10 Popular 3D Printing Fidget Patterns
By providing tactile feedback and stimulation, fidgets can actually help some people focus on a task at hand. Thanks to 3D printing, it is now possible to quickly and affordably produce fidgets that meet the needs of each individual.
Any search of fidgets will give you a plethora of results. After looking through all of them, I found that they tend to fall under the following 10 patters.
I found that the spinning motion can provide great tactile feedback and give the user a moment to meditate and regain focus on task. The slight buzz of the bearings can also help in meditation and focus.
I found in 3D printing them you have to have a well calibrated printer. The bearings are supposed to be a friction fit, so if you’re not careful you can crack the print as you insert the bearings.
If you want to save money on bearings, you can substitute nuts, coins, large ball bearings, or marbles.
Chains are another surprising fidget that has been used as a fidget. Industrial plastic chains can be purchased at any local hardware store. 3D printable chains take this idea to the next step. One of Makerbots test pieces, the print in place chain, is actually a great fidget. At 5 links long, it can be scaled up to fit into the palm of anyone’s hand. The multiple degrees of freedom and flexibility give chain a lot of fidgeting potential.
Other chains expand on this by providing textured surfaces.
You will have to check with your school to see if you can bring fidget chains to school, as they may be considered weapons.
Gyroscopic or gyro fidgets are a 3D printing torture test that has quickly become a great fidget. The gyro prints all the concentric rings in place like the center of an onion, and when its removed from the build plate all the rings are held in place by their nesting shape.
Gyros rotate and spin, providing lots of ways to release tension. By adding a key loop, you can always have a gyro on hand.
Geared fidgets give you strong tactile feedback with the gear teeth. The also visually are hypnotizing as you spin them around. The geared cubes are a popular 3D printing pattern, and they function well as a fidget. Other geared fidgets are popular as key chains.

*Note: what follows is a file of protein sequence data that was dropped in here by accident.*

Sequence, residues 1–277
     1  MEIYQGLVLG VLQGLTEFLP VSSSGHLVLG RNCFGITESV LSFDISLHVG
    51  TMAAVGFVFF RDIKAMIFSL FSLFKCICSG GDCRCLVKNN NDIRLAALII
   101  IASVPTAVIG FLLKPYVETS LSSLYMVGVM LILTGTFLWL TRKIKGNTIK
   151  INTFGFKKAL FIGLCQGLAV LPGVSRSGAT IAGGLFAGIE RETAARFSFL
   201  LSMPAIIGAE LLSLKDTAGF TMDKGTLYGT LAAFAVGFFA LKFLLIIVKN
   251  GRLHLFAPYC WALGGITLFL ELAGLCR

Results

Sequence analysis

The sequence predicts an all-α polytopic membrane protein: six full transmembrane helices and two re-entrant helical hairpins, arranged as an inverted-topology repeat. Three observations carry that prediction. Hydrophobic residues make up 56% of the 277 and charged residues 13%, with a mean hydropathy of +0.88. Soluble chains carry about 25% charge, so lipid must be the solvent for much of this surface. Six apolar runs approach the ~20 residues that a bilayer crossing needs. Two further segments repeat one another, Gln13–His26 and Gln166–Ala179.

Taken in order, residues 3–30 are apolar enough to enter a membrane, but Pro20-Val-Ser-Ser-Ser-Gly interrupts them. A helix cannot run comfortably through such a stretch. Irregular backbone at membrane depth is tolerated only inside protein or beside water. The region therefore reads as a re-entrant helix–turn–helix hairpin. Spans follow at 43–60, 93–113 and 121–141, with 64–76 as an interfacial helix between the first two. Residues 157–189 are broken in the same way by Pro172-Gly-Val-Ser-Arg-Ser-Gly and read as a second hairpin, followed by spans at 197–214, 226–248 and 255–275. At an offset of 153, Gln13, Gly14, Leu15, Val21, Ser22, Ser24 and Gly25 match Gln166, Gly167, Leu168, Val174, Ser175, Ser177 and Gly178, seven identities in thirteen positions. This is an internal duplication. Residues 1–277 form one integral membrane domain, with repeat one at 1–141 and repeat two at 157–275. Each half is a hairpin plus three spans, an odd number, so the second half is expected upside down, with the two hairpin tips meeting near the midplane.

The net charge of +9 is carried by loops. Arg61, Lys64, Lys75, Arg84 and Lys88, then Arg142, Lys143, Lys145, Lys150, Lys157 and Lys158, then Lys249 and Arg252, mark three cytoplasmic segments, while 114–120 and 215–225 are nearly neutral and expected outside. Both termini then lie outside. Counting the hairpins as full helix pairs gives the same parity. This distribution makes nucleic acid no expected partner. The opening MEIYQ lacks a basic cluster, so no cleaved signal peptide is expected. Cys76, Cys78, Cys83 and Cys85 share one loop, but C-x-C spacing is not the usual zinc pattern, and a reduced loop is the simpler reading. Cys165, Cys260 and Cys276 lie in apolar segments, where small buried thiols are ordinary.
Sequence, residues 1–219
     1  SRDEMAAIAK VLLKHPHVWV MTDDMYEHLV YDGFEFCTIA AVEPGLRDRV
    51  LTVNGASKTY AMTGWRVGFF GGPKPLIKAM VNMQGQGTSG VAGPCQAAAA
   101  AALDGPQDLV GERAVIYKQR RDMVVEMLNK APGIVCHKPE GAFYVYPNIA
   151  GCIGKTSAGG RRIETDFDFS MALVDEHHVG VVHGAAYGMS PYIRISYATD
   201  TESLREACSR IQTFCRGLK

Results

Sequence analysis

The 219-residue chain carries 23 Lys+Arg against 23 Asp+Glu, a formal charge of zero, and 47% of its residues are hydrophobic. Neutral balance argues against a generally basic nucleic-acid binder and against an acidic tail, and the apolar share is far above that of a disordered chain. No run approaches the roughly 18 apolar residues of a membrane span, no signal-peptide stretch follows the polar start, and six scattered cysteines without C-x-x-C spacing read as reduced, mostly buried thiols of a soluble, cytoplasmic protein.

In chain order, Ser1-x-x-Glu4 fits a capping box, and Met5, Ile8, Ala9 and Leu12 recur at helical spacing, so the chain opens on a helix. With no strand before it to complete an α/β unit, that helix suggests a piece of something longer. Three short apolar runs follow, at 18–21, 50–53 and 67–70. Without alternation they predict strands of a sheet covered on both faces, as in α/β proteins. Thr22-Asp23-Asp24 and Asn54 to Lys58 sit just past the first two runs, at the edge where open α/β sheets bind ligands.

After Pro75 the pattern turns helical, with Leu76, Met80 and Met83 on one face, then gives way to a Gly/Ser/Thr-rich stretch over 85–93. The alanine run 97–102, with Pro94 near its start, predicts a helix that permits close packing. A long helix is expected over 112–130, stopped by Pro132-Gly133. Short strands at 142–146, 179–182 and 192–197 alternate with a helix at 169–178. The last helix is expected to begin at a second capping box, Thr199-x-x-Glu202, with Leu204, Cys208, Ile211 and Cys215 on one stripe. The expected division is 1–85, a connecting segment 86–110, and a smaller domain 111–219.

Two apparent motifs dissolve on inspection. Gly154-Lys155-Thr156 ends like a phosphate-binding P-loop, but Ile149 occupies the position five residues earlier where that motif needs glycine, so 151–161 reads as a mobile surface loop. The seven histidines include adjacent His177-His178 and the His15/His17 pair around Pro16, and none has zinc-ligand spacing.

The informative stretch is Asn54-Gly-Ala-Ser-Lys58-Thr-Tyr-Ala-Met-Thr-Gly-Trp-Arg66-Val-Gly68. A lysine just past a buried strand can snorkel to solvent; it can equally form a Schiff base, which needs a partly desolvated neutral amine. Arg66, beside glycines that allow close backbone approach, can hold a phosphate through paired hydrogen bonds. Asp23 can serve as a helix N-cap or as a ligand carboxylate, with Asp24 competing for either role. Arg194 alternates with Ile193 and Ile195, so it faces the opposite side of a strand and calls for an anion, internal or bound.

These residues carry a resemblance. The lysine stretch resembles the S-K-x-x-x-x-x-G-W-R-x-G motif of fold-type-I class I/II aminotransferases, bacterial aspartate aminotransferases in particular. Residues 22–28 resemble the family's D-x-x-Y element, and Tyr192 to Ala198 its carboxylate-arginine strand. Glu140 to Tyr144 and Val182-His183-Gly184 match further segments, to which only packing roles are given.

Other versions can be printed in place with ridge plastics, and are fun to fidget with at your desk.
Print in Place Ball Bearings
Print in place ball bearings are another torture test for 3D printers. They are a popular way to print with dual extruders and also for printing with dissolved PVA filaments. You can expand your modeling skills by adding other textures to the outer ring of the bearing, or other patterns to make a variation of the spinner bearings.
We have all seen someone play with the rings on their fingers. Silversmiths have long made rings with a separate spinning section as a trade item. With 3D printing it is a great way to make a custom ring that you can fidget with discretely at any time.
Folding cubes can be printed in place or assembled. Having done both, the assembled ones tend to be more brittle than the printed in place patterns.
These cubes are great for developing hand dexterity, and are a great way to challenge your 3d printing skills. You can change the visual pattern of the pieces by changing the orientation and color of filament as you print.
No list of fidgets would be complete without the Kickstarter favorite Fidget Cube. The originals were prototype and 3D printed. These cubes provide 6 sides of fidgeting, with buttons, wheels, textures and switches.
If you don’t feel like buying the brand name one, you can have fun printing in TPU and test your assembly skills by printing your own variation.